Chapter 1 outlined three main approaches to classification: essentialism, cluster analysis, and the historical approach. Prior to Darwin's work, the prominent view among biologists was that essentialism and cluster analysis are the proper methods for sorting organisms into species. Since then, the historical approach has become the dominant method. Nevertheless, the shift from essentialism and cluster analysis to the historical approach has been controversial. Those biologists who write on the theoretical aspects of biological classification almost universally concur with the shift to the historical approach. Philosophers, however, remain divided. Hull (1976, 1978), Sober (1980, 1984a), Rosenberg (1985a), Williams (1985), and Ereshefsky (1991a) champion the historical approach to biological classification. Kitts and Kitts (1979), Dupré (1981, 1993), Kitcher (1984a, 1984b), and Ruse (1987) favor more qualitative approaches. The first half of this chapter takes up the debate over which approach is appropriate for biological taxonomy. Sections 3.1 and 3.2 outline problems in applying essentialism and cluster analysis to biological taxonomy. Section 3.3 shows why the historical approach is the proper one for biological classification.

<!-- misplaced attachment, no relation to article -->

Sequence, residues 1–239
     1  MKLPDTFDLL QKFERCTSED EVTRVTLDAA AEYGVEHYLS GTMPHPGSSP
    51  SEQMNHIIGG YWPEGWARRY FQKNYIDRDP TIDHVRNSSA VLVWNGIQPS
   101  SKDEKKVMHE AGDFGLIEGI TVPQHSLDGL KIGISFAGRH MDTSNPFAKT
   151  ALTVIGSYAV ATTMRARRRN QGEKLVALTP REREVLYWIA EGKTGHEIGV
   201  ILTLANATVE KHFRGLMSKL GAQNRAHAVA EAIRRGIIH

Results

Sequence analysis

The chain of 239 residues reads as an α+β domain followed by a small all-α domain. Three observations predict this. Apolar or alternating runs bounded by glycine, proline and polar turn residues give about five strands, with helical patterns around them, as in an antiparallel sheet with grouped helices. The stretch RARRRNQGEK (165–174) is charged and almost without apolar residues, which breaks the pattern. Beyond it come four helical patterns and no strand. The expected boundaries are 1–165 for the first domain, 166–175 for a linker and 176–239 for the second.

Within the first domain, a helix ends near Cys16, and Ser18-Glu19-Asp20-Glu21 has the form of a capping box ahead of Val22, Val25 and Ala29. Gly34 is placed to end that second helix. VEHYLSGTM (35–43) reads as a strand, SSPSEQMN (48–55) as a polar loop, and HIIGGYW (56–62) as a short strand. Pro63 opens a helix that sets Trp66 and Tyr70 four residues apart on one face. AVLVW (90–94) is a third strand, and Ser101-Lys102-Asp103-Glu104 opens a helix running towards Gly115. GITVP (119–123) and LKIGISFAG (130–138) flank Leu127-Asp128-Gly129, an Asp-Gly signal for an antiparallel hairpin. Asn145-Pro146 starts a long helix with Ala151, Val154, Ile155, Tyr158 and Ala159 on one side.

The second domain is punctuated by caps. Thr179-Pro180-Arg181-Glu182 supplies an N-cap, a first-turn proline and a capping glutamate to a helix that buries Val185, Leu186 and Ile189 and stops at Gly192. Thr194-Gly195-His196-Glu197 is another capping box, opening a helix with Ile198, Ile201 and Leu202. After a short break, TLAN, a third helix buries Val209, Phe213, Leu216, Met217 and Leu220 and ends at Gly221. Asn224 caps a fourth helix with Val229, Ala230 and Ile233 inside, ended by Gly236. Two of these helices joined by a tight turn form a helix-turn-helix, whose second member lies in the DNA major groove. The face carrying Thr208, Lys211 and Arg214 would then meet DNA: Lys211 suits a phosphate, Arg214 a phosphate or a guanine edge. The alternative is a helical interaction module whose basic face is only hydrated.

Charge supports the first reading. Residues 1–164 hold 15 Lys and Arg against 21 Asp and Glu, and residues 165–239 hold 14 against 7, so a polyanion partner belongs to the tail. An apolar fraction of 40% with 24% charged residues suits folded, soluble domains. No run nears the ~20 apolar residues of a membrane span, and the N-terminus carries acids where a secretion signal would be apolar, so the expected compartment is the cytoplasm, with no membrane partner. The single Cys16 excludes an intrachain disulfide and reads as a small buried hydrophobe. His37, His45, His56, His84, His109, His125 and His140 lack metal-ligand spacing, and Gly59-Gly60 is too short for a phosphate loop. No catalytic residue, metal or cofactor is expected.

Closely associated with the historical approach is the now infamous “species are individuals” thesis. Unfortunately the term “individual” has taken on several meanings in the debate over whether species are individuals. For some authors, an entity is an individual if it is spatiotemporally continuous. For others, individuality requires more than mere spatiotemporal continuity. Disagreement over the meaning of individuality has led to undue confusion.